While QMV is designed to ensure that laws wanted by a substantial majority can be passed, the Council still tries to avoid overriding a minority of one government about something it regards as important. This is due partly to the need to treat minorities with care in a diverse polity, as is the case in the Swiss federal system; and that motive has an edge in the EU, where a disgruntled government could retaliate by bringing business to a halt on other matters still subject to unanimity. Partly it reflects the diplomatic culture which prevails in the Council. But the difference between that and the ‘Luxembourg veto’ is that a vote is in fact quite often taken; and proceedings take place in what has been called ‘the shadow of the vote’, so that ministers prefer to compromise than to run the risk that a vote will produce an outcome which is worse for them. Often the President, judging that a problem has been resolved, suggests that a consensus has been reached and, if there is no dissent, the Council accepts the text without a formal vote.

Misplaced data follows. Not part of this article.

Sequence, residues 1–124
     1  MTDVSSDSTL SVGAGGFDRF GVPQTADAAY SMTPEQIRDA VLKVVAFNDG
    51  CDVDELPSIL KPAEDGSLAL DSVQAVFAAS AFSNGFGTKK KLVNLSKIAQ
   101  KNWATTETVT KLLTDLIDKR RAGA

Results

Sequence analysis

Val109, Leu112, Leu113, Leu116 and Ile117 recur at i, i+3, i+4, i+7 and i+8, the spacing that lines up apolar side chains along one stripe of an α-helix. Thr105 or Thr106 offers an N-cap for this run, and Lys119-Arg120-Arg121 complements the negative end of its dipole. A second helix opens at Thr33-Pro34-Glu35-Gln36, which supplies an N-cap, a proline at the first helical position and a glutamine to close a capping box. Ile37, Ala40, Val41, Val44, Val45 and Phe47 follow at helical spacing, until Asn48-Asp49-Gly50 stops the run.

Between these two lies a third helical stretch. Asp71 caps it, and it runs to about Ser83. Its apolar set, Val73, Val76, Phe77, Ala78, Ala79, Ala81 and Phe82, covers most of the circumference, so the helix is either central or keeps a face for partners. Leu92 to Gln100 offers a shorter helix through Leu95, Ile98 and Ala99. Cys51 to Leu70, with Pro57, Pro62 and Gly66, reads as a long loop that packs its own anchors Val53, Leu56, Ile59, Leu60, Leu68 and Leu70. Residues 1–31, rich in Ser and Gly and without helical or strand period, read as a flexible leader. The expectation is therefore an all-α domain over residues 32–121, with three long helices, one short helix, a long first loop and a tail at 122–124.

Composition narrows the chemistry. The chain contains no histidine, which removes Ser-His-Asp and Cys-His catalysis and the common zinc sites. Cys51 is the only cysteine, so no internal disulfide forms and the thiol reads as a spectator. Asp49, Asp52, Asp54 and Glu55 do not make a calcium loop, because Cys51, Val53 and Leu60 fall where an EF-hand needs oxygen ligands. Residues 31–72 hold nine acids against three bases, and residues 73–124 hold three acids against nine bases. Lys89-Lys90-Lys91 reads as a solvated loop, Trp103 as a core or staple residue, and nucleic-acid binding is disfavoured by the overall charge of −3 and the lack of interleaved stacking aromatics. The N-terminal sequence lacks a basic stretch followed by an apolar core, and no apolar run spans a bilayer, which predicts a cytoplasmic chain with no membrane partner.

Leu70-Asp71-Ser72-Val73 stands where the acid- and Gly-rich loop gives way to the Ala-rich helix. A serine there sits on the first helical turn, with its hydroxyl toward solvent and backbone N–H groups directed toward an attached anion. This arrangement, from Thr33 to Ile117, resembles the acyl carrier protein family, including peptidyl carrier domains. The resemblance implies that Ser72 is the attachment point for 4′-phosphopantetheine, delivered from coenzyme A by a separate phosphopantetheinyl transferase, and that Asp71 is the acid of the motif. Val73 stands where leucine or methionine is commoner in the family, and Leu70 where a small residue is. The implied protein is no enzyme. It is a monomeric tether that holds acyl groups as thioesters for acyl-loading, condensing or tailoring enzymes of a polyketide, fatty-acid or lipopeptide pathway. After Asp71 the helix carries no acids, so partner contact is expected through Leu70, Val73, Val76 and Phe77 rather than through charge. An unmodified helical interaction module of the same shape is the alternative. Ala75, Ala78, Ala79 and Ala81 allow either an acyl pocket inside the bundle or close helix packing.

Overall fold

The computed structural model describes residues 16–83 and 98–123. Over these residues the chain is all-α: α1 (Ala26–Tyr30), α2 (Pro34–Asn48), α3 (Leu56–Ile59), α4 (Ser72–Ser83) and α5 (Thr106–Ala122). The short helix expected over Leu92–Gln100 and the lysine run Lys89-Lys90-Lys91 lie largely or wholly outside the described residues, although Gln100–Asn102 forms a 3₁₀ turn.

began to fade away, so that QMV became the context for a wider range of decisions; and it was extended by the Maastricht, Amsterdam and Nice Treaties to cover some four-fifths of all legislative acts. The remaining one-fifth or so of acts to which unanimity applied come under a variety of headings. Britain was among those that insisted it apply to some aspects of employment-related social policy, for reasons of ideology as well as subsidiarity. Money, rather than ideology, was the motive of those who opposed QMV for decisions on the aims, tasks, and organization of the structural funds. There is British insistence on unanimity for tax harmonization, partly on grounds of sovereignty. Treaty amendments raising the ceiling for the Union’s tax revenue and treaties of accession or even association have been held to touch sovereignty so closely that they must be ratified by each member state. While the Nice Treaty provides QMV for nomination of the President and other members of the Commission, and the Secretary-General of the Council, the states have kept their veto over other major appointments such as Judges of the Court of Justice and Executive Board 39